Photo retouching is an important job that doesn't get the credit it deserves. Retouchers and photographers are equally necessary on many projects, especially when the finished artwork is "made in the darkroom."
Lots of images are retouched in some way. Basic things like color correction, lens adjustments and red-eye removal might happen inside the camera before a human retoucher even sees the image.
I've toiled in Photoshop for hundreds of hours to smooth wrinkles from clothing, remove dust, specks and fingerprints from shiny objects, and address tedious details that are necessary when you're making a catalog or an advertisement. Most retouching isn't glamour.
Actually, glamour retouching is my least favorite kind. I've been asked to make models look younger or more beautiful, but those models were already beautiful. Some of my work hurt people's feelings and led me to question the ethics of certain projects.
In the end, the work that I'm most proud of is when I had an idea for a picture, cobbled together the basic rudiments of a photograph any way that I could, and used Photoshop to mold the "duct-tape and bubble gum" into something close to what I had imagined.
Here are a few photos that fit that bill. They're not necessarily the best or most notable retouching work that I've done (Garry Kasparov is the coolest client I've had), but I think they're among the most interesting pieces in my portfolio.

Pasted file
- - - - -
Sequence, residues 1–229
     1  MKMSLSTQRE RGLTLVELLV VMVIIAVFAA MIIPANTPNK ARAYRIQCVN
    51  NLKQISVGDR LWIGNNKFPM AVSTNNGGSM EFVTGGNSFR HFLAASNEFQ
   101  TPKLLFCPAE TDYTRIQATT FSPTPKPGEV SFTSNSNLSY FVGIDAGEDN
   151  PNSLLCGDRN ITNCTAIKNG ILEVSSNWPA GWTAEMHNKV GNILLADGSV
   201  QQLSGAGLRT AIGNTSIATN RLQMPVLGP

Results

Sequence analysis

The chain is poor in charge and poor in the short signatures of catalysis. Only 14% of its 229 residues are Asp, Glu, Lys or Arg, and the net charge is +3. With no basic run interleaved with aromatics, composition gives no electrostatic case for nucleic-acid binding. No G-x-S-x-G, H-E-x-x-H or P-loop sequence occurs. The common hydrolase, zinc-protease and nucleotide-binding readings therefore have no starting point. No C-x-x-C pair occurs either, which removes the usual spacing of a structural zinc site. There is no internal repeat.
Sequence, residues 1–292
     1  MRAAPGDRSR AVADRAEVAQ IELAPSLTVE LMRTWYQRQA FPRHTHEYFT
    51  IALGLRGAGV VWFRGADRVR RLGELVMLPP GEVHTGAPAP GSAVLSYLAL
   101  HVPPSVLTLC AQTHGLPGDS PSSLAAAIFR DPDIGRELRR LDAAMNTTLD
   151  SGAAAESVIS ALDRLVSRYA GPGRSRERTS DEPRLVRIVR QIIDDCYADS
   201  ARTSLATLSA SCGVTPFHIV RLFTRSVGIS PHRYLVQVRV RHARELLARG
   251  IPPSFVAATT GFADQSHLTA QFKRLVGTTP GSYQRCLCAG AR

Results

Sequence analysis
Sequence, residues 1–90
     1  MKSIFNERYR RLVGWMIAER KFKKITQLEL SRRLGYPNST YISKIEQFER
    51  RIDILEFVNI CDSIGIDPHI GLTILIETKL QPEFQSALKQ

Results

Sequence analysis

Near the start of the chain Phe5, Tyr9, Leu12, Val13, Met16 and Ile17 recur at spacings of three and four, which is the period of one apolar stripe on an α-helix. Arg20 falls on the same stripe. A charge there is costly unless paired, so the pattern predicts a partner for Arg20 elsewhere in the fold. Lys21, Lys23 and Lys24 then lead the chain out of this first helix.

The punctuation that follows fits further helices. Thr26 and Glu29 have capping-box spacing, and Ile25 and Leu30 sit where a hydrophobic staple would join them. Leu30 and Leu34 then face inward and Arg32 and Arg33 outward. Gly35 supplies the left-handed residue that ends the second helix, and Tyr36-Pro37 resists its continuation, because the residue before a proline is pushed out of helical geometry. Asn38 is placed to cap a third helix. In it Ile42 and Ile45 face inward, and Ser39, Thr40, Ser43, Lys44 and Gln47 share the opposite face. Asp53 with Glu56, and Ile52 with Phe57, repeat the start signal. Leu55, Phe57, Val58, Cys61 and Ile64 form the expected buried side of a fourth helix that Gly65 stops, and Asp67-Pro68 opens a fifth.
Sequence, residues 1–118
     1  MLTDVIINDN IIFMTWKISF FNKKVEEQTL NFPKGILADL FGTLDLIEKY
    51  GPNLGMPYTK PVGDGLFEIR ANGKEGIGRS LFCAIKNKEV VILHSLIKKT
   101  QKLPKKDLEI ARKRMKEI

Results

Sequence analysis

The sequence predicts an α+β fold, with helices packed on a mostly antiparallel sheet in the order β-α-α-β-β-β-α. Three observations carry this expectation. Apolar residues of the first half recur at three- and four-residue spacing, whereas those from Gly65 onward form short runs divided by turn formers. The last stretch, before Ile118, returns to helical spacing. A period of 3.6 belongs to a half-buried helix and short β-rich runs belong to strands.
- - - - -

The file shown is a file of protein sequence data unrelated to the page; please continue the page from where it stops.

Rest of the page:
Exposure and Color Correction
Almost every photo needs some kind of exposure or color adjustment to look its best. The difference between before-and-after photos can literally look like night and day.
This photo of plastic army men battling a raccoon is one of my favorites. Yes, it's a photo. I found a stuffed raccoon, some toys and a box of sparklers in my aunt's garage and this was the result. The sparklers were the only source of light, and despite the 30-second exposure, the photo was underexposed. I used Photoshop to brighten it up and make the colors pop.
Removing a Person From the Photo
After college, my friend Eddie and I co-founded a fashion magazine called Debonair. The premise of the magazine was about how to look good on a shoestring budget, and we applied that same philosophy when we bootstrapped our photoshoots. "Faceless Fashion" was a regular feature where the model was photoshopped out of the clothes, leaving behind an invisible-man-like outfit. We did this because we were the models (and models we were not).
Giving Life to Inanimate Objects
A colleague of mine started a men's neckwear business. He didn't have much money to spend on photos and marketing materials, so hiring a model was out of the question. We brainstormed, and as I thought about ties, the comic strip Dilbert came to mind. (I didn't mention this, of course.) Dilbert's tie is always upturned, like its windy everywhere. I like quirky stuff like that, so I pitched "ties in the sky" as a kind of fashionable homage. This was a tricky photo to get right. I wound up stringing ties over a rabbit-ear-style TV antenna and wire clothing hangers. Then, I "painted out" the low-tech apparatus I created.
Building a Virtual Space
This photograph (technically, it's a composite of many photographs) is another page from Debonair Magazine. I originally planned to photograph these products inside of a real medicine cabinet, but that turned out to be a bust. Medicine cabinets are either mirrored or lined with unsightly plastic. Ultimately, I found a piece of scrap metal and brushed it with scouring pads to give it a texture. Then, I photographed each product separately and blended them together in Photoshop. The end result isn't photorealistic, but it was decent enough.